Duck in broth Little Grouse on the Prairie Saskatoon Jenn Smith Nelson

And to cool us off after all those hot eats, a delightful, Strawberry Granita.

Strawberry Granita Little Grouse on the Prairie Saskatoon Jenn Smith Nelson

Neat fact ~ The flour used in these dishes (and ones at Ayden) is a beautiful high protein Saskatchewan wheat that’s all organic and milled about 15 miles from the restaurant.

What to expect at Little Grouse

Expect an intimate space with 41 seats including a 9 of those seats at an eat-in bar. The menu will be à la carte, and as Chef Zuber shares, “Not varying too far from Italian standards with an interplay – more modern and casual.” He adds to also anticipate a modern twist on starters. Dining will also be alla famiglia, meaning the sharable menu will be flexible and not strictly fixed (small 6 -7 courses, large, 9).

For more local food and chef related stories check out: Last week’s post on the Backyard; a profile in Pink magazine on local Regina Chef Aimee Schulhauser and quick eats in Saskatoon; plus the very recent coverage I provided for Vacay.ca, of the prohibition themed event hosted by Ayden Kitchen & Bar, Prairie Feast.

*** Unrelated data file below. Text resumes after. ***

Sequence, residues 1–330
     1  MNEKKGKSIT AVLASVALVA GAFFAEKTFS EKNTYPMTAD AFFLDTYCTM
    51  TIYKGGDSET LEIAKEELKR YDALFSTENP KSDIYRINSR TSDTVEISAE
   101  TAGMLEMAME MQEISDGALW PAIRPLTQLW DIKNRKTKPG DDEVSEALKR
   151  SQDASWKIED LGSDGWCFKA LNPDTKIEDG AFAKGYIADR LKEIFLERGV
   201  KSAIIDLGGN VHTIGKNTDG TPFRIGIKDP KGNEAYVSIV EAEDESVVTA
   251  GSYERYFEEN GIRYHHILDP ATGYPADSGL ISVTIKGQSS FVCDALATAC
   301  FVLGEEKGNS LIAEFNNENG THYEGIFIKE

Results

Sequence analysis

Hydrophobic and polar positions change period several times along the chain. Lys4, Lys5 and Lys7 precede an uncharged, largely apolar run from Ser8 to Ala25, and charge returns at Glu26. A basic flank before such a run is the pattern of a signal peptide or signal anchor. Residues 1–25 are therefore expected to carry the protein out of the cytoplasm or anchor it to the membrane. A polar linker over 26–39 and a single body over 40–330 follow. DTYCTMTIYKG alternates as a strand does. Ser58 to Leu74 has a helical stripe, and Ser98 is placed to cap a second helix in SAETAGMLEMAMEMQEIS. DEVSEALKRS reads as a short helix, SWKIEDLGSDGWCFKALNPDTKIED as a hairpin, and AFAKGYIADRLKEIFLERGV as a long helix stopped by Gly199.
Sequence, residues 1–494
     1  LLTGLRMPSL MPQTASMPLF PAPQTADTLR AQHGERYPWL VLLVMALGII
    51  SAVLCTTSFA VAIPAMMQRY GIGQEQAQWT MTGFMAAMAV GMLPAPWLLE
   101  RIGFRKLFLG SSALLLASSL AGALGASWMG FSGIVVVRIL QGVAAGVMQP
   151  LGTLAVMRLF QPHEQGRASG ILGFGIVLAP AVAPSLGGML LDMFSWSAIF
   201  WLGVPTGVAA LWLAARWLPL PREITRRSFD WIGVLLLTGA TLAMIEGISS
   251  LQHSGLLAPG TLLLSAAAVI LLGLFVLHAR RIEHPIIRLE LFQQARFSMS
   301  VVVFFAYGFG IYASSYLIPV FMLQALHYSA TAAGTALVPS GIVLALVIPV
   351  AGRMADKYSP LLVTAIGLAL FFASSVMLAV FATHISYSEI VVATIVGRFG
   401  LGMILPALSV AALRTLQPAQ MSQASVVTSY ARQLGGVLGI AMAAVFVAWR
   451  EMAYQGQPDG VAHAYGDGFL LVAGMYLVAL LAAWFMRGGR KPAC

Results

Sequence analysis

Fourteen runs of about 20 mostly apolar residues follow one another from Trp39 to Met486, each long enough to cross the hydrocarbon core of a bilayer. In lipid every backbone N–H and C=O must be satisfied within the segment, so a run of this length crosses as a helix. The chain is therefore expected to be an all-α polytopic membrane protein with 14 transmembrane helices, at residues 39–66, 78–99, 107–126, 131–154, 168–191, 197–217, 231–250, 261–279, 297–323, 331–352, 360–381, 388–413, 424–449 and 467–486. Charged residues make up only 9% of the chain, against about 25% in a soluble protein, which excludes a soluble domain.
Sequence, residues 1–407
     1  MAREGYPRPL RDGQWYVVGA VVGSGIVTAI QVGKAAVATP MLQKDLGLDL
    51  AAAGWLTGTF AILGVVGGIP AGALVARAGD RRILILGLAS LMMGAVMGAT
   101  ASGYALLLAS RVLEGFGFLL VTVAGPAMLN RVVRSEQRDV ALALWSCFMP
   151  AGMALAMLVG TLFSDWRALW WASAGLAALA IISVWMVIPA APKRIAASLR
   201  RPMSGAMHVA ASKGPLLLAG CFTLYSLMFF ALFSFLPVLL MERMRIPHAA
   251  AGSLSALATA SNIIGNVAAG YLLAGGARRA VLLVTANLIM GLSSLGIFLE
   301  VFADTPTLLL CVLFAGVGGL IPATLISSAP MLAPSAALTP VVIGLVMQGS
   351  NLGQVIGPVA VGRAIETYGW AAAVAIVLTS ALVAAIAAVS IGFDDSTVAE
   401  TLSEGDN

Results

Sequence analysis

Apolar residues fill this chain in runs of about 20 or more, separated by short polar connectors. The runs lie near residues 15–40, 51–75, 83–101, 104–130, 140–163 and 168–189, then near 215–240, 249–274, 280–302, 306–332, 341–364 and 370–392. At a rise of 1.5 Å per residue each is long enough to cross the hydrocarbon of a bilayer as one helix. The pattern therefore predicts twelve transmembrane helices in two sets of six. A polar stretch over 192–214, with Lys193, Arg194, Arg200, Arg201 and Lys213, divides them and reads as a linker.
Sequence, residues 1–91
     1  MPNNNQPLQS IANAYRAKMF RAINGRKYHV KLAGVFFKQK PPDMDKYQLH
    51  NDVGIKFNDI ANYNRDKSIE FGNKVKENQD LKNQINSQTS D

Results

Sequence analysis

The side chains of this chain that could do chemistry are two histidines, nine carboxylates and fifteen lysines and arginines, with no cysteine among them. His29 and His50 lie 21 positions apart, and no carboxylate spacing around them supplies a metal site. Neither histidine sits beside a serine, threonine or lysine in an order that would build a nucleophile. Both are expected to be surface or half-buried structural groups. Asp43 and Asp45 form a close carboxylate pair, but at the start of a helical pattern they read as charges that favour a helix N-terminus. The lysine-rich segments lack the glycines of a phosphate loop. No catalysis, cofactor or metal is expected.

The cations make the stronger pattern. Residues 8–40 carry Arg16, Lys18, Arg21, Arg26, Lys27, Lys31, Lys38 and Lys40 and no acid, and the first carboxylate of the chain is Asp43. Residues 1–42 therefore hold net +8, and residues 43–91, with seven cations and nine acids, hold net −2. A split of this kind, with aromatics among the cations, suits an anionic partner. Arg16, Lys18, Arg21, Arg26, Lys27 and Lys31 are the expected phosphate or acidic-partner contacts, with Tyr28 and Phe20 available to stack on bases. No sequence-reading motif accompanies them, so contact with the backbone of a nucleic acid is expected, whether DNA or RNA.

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10 thoughts on “Preview of Saskatoon’s next great restaurant: the Little Grouse (on the Prairie)
  1. So glad I was there to, um, I mean, I wasn’t there to share it with you. Wait? Why wasn’t I there to share it with you? This new restaurant is so on my watch list, and even more so now that I know more about it, Jenn!

  2. I must express my pride and joy in this wonderful venture. My Grandson’s creativity,as shared in the this dining offer will surely delight the patron and acquire many loyal friends,if only I could be there !

    With profound love and respect, Grandad